How I developed the confidence to approach anyone (in my area of interest)

I was getting ready last week to go to NAMM, which is a big, annual music industry conference in Anaheim, CA. And I was just thing that I feel really fortunate to have something to talk about that I feel puts me at a peer level with anyone there (celebrities, big thinkers, giants of the industry, etc.). And I do mean anyone—doesn’t matter if it’s Rick Rubin or Ringo Starr (how I actually perform having a conversation with someone like Rick Rubin, or Ringo Starr is another matter, but it won’t be for a lack of having something to offer, or something to talk about). Today I want to talk about how I developed this confidence to talk to anyone in my field.

This thing—my song song drumming approach, or more specifically these days, the book I’m writing about it—is not something I came up with cuz I’m brilliant or gifted or anything like that. It’s just my calling, my offer to the world. It’s who I am at the core—both as a teacher and a performer. We all have something like this inside us–I have no doubt about that. The challenge is figuring out what that is (which is no small thing). And, if you’re like me, there’s a bit of a challenge in learning to accept it even when it doesn’t seem sexy (teaching–my parents were teachers) or it seems too irresponsible (performing–at the time I felt like it was going to be acting like a rock star–I know better now 😉


“The two most important days in your life are the day you were born, and the day you find out why.”–Mark Twain

I want to talk for a moment about the value of having this knowledge, or knowing what I was put here on the planet to do.

Before I had this knowledge about myself, I had a lower opinion of what I had to offer the word, or how I could help others. I felt that I was at a disadvantage because I had come around to teaching and performing at too late of an age. But, something inside kept me poking around, looking for what ‘it’ was, but it felt like a rumor more than anything else. I didn’t feel real, if felt like it might be a fantasy of mine. And at this point I was certainly intimidated when I thought of getting up the nerve to talk to any world-class thinker in my area of interest.

For me, getting the answer to the question of ‘what was I put here to do’ came about through the act of helping others. This is very important. Let me explain:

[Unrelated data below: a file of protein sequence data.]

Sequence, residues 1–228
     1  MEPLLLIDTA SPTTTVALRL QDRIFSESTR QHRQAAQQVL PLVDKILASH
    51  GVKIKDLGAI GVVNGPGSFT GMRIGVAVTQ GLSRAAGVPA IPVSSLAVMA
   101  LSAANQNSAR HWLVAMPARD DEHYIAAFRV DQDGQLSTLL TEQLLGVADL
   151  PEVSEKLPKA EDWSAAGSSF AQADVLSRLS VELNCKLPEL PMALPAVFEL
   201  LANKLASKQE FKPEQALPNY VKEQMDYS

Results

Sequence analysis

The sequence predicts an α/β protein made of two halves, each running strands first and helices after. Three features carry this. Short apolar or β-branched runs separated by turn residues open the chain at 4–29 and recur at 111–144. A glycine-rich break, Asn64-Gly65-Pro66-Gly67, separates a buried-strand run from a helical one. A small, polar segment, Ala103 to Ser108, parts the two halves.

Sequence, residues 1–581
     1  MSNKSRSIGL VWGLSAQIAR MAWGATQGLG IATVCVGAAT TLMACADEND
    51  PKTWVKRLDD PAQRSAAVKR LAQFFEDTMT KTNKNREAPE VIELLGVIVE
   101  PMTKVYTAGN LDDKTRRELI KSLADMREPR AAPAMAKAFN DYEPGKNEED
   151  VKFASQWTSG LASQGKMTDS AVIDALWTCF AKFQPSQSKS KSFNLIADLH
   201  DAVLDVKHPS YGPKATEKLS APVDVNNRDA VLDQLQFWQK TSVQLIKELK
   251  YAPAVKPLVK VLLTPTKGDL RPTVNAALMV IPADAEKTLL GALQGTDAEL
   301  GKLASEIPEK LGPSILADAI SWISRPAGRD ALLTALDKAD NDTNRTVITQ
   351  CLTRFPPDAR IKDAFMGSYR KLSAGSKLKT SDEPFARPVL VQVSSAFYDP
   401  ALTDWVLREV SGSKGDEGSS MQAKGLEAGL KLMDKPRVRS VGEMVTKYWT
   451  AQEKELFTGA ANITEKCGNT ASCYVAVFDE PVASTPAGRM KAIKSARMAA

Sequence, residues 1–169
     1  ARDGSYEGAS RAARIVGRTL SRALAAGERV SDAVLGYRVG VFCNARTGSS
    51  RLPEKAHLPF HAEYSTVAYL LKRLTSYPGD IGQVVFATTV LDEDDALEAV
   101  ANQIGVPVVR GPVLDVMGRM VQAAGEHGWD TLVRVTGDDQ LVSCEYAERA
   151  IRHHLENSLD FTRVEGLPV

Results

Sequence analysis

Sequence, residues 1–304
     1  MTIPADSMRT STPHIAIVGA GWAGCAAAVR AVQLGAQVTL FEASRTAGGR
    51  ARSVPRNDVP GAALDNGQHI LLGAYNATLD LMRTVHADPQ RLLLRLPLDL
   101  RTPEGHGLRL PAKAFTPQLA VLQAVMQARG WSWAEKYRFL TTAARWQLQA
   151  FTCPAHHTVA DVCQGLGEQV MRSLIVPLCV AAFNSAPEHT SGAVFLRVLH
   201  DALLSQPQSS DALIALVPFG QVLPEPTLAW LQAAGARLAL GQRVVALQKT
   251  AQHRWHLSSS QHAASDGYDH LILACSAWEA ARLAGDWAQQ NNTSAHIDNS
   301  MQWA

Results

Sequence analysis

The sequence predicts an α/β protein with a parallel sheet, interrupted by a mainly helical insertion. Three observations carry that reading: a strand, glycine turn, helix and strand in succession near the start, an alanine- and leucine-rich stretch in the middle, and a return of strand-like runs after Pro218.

When I first made the switch from corporate gigs to teaching and performing music, I subbed at rehearsals for a friend of mine’s band. I wasn’t even gigging with them, just helping them get through rehearsals that their drummer couldn’t make. This is what you would call a truly UN-glamorous gig. Truly 😉

But something amazing happened over the course of me subbing at these rehearsals–I was showing other musicians how I’m unique as a musician. And THAT led to this amazing, almost innocuous (but true) comment from Rich Layton, their band leader: “That thing you’re doing? That’s song drumming.” I knew enough about song drumming that I took it for what it was–not only a compliment, but a thing that could help define me as a musician. And also therefor as a person, since it turned out that, over time, I learned that this was what I was put here to do.

And again, it all came from helping others–in this case, the very unglamorous task of subbing at a rehearsal.

Another example is how I have applied song drumming to my teaching. The school I was teaching at did recitals 2-3 times a year, and I started putting my students together with guitar students so we’d have little mini bands that would play songs at these recitals.

While this was a great idea that my students and their families really embraced, I took a look at my teaching approach, and saw that it wasn’t quite setting them up to succeed at the recitals. I was also looking for a way to teach kids that would get them results quicker. So, I experimented and started teaching my students song drumming right off the bat, instead of waiting for them to develop a certain level of technique. As soon as they could play a simple beat (usually by the first or second lesson) I’d have them working on songs. And that’s how I began developing the song drumming teaching approach.

And, once again, it was developed through the act of helping people. In this case, helping my students get results quicker.

I feel totally blessed that I know what it is I have to offer to the world. I’m also fortunate to have a way to articulate it that, I feel, puts me at a peer level with anyone out there in the music industry. Because its me–because it’s genuine. And also, since it is me and it is genuine, it’s also pretty unique. All of this has helped me develop the confidence to approach anyone in my area of interest. It gives me the confidence to go up and chat with folks that I otherwise might be intimidated of. And this helped me this past weekend at NAMM as I worked on connecting with folks to give my book project more momentum.

Do you feel that you could approach world-class, thought-leaders in your area of interest and have a conversation that you would both benefit from? If so, how did you get to point? If not, what would it take to get you there? How could you help others in a way that might help you find those answers?

P.S. There are lots of folks online who have processes that help you figure your calling; the most notable in my mind is Scott Dinsmore and his Live Your Legend community. Check it out here: Live Your Legend

P.P.S. And lastly, I have to thank my mastermind partner, Kate Riordan. I’ve had this book (and another two) in me for a few years, but she is the one that got me off my butt to actually DO something about it. Yay Kate! And yes, mastermind groups are wonderful and I’m so lucky to have a great one in my corner.

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